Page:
This was an architect who meticulously studied locales and knew their vernacular. Mr. Bottomley noted that if a building could be “invested with style ... that intangible quality, that stamp, which gives it life and individuality will be both sound and original.” The reinvented Canoe Place Inn, conceived by Mr. Bottomley, did, in fact, imbue these attributes.

The original inn, a ramshackle affair of multiple parts, spread across its site in add-on colonial glory. The new inn was anything but a clone of the original.

The architect built a structure that looked as if it had been added to over time. The different wings varied in height, but were unified through the use of materials, scale and proportion. Although linear, Mr. Bottomley used dormers and breaks in roof configurations to dispel any kind of lengthy appearance while arranging a second floor veranda to serve as both open and covered porches with square columns.

The interior of the rebuilt Canoe Place Inn included all of the amenities to be found in a high-end establishment while the architect captured the spirit of the old inn in his design.

Perhaps the most striking part of the building was the dancing pavilion. Mr. Bottomley was allowed to do what he wanted here and the result was a whimsical oval dancing floor with billowing green and lavender fabric hung, tent-like, from the peak of the ceiling to the tops of the columns of the second floor gallery. He devised a lighting system of Japanese and Venetian lanterns, which highlighted, at night, the splendor of the clientele in formal attire.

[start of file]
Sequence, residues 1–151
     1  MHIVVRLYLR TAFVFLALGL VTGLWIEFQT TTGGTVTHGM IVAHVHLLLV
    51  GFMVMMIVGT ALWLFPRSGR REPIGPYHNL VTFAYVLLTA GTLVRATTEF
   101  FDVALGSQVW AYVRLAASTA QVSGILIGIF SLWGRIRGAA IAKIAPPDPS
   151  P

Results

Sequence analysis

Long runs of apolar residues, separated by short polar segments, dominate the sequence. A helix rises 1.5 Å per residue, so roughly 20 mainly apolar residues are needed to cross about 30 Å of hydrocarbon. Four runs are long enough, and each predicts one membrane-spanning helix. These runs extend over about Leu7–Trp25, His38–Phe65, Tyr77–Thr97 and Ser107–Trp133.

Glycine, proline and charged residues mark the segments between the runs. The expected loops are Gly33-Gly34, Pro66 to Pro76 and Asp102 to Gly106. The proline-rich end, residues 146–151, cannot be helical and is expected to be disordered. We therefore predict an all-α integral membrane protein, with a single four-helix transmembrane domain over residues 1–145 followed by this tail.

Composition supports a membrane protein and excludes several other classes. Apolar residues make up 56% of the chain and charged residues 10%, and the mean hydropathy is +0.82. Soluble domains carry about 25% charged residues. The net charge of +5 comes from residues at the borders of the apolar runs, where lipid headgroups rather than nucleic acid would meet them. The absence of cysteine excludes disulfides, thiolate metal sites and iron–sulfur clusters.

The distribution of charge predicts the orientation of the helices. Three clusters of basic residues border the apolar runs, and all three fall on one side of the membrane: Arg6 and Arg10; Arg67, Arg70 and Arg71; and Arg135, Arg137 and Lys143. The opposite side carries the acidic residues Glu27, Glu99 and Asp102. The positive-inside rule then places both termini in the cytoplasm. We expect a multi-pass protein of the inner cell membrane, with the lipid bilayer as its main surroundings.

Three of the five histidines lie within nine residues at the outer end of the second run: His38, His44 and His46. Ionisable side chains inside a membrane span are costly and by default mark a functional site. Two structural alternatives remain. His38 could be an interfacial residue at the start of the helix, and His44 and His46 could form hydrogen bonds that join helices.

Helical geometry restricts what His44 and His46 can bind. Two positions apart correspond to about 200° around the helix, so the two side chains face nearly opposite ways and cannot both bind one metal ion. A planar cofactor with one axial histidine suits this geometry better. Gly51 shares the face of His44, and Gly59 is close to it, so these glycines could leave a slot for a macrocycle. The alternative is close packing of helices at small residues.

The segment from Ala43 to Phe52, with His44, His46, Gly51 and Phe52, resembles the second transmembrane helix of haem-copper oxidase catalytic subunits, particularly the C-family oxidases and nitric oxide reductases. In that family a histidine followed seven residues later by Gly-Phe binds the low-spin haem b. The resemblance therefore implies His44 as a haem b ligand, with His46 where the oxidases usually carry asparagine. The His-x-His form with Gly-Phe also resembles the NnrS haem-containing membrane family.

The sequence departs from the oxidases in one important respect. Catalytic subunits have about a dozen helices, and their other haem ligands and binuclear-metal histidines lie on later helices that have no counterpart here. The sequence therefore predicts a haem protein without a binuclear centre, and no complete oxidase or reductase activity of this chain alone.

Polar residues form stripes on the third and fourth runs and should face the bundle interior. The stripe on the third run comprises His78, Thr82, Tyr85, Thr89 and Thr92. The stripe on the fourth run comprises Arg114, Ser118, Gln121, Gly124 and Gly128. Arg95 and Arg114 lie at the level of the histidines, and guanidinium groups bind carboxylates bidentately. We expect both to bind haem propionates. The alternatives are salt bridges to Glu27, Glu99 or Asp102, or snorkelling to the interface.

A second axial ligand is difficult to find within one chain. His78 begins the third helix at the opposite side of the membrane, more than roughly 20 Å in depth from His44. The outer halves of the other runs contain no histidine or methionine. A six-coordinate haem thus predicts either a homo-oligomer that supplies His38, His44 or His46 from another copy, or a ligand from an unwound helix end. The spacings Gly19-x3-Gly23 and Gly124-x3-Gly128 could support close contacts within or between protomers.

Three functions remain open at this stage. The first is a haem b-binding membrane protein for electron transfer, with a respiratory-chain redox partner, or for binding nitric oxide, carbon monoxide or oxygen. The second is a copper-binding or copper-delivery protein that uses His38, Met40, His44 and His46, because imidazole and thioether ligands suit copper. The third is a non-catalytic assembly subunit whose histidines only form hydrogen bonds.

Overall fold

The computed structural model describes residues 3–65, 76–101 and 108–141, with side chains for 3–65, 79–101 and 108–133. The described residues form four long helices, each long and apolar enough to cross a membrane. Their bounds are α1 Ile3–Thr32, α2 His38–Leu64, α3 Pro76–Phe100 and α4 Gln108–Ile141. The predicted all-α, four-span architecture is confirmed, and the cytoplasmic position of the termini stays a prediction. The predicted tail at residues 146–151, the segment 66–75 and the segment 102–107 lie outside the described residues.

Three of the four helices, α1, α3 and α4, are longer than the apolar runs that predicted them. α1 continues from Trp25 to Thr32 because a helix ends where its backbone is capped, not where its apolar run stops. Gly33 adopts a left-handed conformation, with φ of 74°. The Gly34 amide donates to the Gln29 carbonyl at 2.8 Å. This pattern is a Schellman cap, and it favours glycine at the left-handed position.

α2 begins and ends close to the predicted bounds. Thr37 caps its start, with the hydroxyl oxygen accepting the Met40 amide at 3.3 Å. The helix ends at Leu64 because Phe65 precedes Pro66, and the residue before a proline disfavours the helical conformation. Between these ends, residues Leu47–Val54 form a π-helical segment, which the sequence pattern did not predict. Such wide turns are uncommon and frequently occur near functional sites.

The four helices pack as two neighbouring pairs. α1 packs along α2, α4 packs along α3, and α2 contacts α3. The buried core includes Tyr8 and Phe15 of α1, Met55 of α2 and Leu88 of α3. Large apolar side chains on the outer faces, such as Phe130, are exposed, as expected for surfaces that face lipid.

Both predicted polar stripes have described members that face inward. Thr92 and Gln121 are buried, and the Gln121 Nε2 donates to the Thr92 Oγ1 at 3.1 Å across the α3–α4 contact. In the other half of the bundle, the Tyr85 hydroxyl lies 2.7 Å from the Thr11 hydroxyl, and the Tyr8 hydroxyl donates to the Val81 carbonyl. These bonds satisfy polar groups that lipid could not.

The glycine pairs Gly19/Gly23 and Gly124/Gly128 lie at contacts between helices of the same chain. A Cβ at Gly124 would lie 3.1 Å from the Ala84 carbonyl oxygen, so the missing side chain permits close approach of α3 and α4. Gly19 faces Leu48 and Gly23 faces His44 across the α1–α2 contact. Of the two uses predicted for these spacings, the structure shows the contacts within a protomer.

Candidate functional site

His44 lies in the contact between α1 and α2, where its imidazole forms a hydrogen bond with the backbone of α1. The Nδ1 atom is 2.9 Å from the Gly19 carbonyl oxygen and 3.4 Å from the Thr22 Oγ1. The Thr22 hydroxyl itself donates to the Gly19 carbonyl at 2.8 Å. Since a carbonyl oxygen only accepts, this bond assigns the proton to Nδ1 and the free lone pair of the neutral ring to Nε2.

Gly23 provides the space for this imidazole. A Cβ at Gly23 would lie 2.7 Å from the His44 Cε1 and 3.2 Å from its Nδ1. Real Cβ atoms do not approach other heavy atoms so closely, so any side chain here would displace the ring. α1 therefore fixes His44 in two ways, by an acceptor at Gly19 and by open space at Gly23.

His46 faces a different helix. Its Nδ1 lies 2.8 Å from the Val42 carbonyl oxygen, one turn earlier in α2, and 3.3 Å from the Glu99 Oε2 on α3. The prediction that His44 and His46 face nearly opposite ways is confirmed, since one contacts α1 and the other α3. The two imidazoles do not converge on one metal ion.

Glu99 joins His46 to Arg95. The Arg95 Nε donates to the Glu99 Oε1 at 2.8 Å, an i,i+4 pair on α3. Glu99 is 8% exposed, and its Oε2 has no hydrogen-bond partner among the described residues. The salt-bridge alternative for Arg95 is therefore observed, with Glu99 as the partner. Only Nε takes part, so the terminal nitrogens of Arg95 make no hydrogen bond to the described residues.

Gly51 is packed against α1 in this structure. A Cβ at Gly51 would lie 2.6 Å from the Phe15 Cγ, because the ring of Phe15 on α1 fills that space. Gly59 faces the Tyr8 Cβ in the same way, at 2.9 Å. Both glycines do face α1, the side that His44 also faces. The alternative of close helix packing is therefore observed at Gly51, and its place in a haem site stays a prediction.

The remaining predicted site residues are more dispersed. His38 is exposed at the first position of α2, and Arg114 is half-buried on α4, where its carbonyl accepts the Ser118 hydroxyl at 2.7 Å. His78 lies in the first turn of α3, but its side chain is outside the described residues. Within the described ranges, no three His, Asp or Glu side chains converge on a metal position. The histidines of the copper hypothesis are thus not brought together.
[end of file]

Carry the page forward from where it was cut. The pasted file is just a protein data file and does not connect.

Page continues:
The inn remained a swanky vacation destination and showplace into the 1940s and visitors included Franklin Roosevelt, Robert Moses, Helen Hayes, Cary Grant, Albert Einstein, Irving Berlin and Waxey Gordon, a renowned East End bootlegger. For almost 30 years, Governor Al Smith resided in one of the cottages on the property and politico Charles Murphy lived nearby, which resulted in dubbing the inn “Tammany Hall East.” Boxer John L. Sullivan also trained at Canoe Place in preparation for his fight with “Gentleman Jim” Corbett.

Over the years, the Canoe Place Inn has had multiple owners, and, although deteriorated, it is far from being unsound. The “AIA Guide to Nassau and Suffolk Counties, Long Island” noted “it is a building worth preserving.”

Several years ago the developer R Squared purchased the property and applied for a Planned Development District (PDD) variance to demolish the inn to make way for an exclusive time-sharing condominium. What public benefit this could have for the citizens of Hampton Bays is beyond this architect’s imagination.

The proposed building is an affront to a community that stands to lose even more of its identity. This so-called “Maritime” project calls for a 164,000-square-foot monstrosity four stories high that will read as six. This is analogous to putting a skyscraper in the Grand Canyon and saying the building comes up to grade level.

Canoe Place Inn occupies a special place in the history of Southampton Town, in particular, Hampton Bays. In the May 1923 issue of “Architectural Record,” Costen Fitz-Gibbon wrote of the inn saying that the owners showed “a respect for a fabric so closely identified with local history; on the part of the architect, the sympathetic grasp of the essential qualities that gave the inn its unique character, along with an independent play of imagination refreshing and felicitous in its expression.”

Adaptive reuse for this unlandmarked landmark is in order. It’s the opinion of this writer that it’s time to protect the work of this esteemed architect and say no to developers with deep pockets. Southampton is under no obligation to grant this PDD variance, a variance mechanism, which is proving to be the single most destructive force in Southampton today.

There’s an irony here that the very thing that is being proposed for the Canoe Place Inn property is the antitheses of Mr. Bottomley’s approach to design. His legacy here has to do with the creation of objects harmonious in character and with the larger community surrounding them. It is an example to be followed.

Anne Surchin is an East End architect and writer.